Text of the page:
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For one, Georgia has shifted from being 14.3 points more Republican than the nation as a whole in 2004 to only 7.4 points more Republican in 2016. Based on our forecast of Georgia being won by Biden by 4.6 points in 2020, this trend of a diminishing Republican advantage merely continues rather than accelerates — from R+7.4 in 2016 to R+5.6.

The subsequent table demonstrates the Republicans’ diminishing margins in Georgia over time.

Year Georgia result National result Georgia partisan lean
2020 Forecast: D+4.6 Forecast: D+10.4 Forecast: R+5.6
2016 R+5.3 D+2.1 R+7.4
2012 R+7.9 D+3.9 R+11.8
2008 R+5.3 D+7.2 R+12.5
2004 R+16.7 R+2.4 R+14.3
2000 R+12 D+0.5 R+12.5

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In addition, Texas and Arizona also evince a winnowing in Democratic margins. On average, Texas has become 2.72 points more Democratic-leaning each presidential election. Our forecast of Texas going for Biden 0.2 points would only be a 1.53-point more Democratic than 2016, less than the average rate of the trend.

Year Texas result National result Texas partisan lean
2020 Forecast: R+0.2 Forecast: D+10.2 Forecast: R+10
2016 R+9.43 D+2.1 R+11.53
2012 R+16.02 D+3.9 R+19.92
2008 R+11.87 D+7.2 R+19.07
2004 R+23.02 R+2.4 R+20.62
2000 R+21.91 D+0.5 R+22.41

To continue this form of analysis, Arizona’s forecast of voting for Biden by 1.5 points is evidently reasonable as it assumes the state’s partisan lean is less Democratic than in 2000, 2004, and 2016.

Year

Arizona result National result Arizona partisan lean
2020 Forecast: D+1.5 Forecast: D+10.2 Forecast: R+8.7
2016 R+3.78 D+2.1 R+5.88
2012 R+9.23 D+3.9 R+13.13
2008 R+8.63 D+7.2 R+15.83
2004 R+10.55 R+2.4 R+8.15
2000 R+6.57 D+0.5 R+7.07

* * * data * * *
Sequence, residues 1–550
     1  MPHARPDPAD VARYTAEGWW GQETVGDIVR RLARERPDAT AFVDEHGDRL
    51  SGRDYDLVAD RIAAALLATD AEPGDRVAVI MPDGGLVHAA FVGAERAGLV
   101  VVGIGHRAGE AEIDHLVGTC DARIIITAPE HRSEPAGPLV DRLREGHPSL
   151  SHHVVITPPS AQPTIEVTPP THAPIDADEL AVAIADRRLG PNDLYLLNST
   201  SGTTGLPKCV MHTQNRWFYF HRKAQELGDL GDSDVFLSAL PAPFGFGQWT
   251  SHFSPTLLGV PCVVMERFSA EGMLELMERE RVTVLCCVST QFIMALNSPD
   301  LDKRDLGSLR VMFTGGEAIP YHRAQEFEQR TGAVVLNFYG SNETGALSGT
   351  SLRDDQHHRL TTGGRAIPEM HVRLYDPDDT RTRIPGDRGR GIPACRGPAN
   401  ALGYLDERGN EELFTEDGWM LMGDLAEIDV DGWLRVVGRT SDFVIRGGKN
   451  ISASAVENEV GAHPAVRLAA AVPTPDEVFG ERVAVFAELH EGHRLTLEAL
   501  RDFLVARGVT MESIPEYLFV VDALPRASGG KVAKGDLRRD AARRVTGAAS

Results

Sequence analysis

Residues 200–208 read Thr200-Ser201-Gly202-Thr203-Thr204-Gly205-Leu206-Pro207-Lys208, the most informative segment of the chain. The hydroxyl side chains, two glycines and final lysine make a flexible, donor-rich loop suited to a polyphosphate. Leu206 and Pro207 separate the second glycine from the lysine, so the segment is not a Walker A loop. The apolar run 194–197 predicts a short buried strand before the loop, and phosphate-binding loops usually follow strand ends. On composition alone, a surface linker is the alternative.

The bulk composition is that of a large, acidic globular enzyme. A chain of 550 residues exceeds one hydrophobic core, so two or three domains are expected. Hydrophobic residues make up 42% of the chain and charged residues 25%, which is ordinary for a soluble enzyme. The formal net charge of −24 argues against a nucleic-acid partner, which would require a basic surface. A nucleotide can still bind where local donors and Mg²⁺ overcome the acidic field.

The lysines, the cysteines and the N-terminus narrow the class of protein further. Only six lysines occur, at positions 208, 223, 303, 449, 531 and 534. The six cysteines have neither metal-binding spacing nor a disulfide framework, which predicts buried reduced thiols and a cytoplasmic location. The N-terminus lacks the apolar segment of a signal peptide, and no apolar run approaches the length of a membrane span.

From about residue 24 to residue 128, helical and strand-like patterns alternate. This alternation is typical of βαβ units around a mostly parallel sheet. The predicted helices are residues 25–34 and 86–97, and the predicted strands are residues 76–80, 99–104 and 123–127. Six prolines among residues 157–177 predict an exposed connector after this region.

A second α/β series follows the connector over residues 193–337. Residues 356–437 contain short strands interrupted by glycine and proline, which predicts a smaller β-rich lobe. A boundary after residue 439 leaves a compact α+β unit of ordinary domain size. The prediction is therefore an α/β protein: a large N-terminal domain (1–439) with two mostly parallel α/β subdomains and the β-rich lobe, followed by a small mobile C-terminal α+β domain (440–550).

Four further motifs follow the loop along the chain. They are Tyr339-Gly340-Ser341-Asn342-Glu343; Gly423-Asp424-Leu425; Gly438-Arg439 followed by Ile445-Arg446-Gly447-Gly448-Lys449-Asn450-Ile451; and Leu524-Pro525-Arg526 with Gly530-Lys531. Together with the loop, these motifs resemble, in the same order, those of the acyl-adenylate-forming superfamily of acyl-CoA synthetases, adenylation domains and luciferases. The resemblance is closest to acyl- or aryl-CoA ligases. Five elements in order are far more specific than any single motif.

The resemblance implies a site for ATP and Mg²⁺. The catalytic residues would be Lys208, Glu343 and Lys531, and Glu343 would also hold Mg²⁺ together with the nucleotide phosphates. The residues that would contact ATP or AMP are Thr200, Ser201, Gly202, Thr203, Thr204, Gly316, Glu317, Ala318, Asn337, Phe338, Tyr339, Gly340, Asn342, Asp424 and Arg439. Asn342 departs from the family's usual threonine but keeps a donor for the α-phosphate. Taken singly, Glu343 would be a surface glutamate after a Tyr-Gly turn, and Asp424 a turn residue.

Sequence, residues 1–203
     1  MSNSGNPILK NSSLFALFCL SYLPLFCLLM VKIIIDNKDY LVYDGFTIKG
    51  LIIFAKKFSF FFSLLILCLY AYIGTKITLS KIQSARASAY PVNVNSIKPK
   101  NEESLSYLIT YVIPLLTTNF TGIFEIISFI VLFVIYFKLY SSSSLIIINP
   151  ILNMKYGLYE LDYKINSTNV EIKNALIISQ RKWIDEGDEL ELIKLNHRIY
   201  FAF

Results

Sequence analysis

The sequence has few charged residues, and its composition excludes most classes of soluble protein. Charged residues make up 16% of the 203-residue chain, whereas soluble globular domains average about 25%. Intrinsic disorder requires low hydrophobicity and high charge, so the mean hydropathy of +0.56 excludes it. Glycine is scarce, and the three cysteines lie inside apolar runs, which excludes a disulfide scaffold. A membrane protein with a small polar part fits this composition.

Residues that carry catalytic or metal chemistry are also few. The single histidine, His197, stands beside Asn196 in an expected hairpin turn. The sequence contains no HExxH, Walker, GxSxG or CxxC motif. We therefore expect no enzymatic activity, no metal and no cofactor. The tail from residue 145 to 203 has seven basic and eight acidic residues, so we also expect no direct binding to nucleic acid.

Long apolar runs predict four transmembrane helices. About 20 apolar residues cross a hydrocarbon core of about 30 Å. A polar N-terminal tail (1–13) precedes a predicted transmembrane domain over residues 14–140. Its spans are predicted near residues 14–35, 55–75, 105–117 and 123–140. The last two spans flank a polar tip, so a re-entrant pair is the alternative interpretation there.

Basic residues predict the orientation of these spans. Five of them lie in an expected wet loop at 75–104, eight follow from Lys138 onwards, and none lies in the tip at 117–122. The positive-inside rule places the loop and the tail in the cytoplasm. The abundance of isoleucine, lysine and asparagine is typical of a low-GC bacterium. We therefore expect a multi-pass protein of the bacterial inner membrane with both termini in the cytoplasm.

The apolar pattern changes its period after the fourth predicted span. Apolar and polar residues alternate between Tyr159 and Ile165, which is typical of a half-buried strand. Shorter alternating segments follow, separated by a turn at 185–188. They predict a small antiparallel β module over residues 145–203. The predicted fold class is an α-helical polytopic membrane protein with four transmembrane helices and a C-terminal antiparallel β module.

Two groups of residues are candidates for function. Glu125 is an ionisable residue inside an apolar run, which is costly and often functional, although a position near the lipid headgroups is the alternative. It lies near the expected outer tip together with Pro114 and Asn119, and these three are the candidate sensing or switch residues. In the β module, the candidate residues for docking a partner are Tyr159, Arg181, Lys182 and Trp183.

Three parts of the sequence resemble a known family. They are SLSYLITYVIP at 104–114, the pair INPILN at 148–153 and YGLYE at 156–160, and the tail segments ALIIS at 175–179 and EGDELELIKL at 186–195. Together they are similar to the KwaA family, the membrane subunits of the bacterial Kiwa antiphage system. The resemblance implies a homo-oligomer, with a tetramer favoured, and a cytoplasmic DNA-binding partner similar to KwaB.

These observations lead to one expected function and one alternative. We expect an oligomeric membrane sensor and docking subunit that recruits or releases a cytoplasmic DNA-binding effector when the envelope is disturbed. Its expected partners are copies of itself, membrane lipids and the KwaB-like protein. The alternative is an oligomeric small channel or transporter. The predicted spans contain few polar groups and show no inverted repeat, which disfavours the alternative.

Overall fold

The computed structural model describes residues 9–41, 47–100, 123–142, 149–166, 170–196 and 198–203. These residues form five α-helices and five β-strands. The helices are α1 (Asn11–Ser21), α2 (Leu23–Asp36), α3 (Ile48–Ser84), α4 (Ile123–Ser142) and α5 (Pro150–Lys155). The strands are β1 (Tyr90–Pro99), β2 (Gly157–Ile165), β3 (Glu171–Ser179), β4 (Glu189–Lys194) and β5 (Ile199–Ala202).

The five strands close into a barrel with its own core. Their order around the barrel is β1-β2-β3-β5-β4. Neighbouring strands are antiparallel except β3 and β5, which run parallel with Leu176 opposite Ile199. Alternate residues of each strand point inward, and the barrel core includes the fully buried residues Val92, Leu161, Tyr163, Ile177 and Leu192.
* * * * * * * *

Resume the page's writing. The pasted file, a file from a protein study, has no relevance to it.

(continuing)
Reflecting these trends, in the Georgia Class II Senate race, Jon Ossoff (D) is leading over David A. Perdue (R) by a point, according to our forecast model. As such, Democrat Ossoff has a 56.3% win probability. To what extent this is a presidential coattails or down-ballot effect is hard to discern, but regardless, this would have been a data point difficult to anticipate two decades ago.

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Since 1956, Arizona has only voted for a Democrat once in a presidential election (in 1996). However, Biden leads in the state 1.5 points. In addition, in the AZ Senate race, Mark Kelly (D) is leading incumbent Martha McSally (R) by 6.1 points, with a 83.0% win probability. 

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In North Carolina, Biden holds a 2.1-point advantage. In addition, in its 2020 Senate race, Cal Cunningham (D) leads by 2.6 points over incumbent Thom Tillis (R), and has a 63.5% win probability.

Another Sun Belt state that is trending Democratic according to polling data is Colorado. Its increasingly-Democratic leanings up the ballot are being reflected down-ballot, where we forecast that John Hickenlooper (D) wins against incumbent Cory Gardner (R) by 15.9 points with 98.5% probability.

In addition to polling, our Search Trends model (a model informed by shifts in partisan media consumption) independently corroborates what polling has demonstrated regarding Biden's lead in critical swing states in the Sun Belt region. This model constitutes 1/3rd of our forecasts, with the remaining 2/3rds of the figures being polling averages.

Feel free to follow @plural_vote for regular updates on the current electoral state of the 2020 race. Plural Vote updates daily its presidential and Senate race models.

Written by PLURAL VOTE. This article was last updated on 6/30/2020.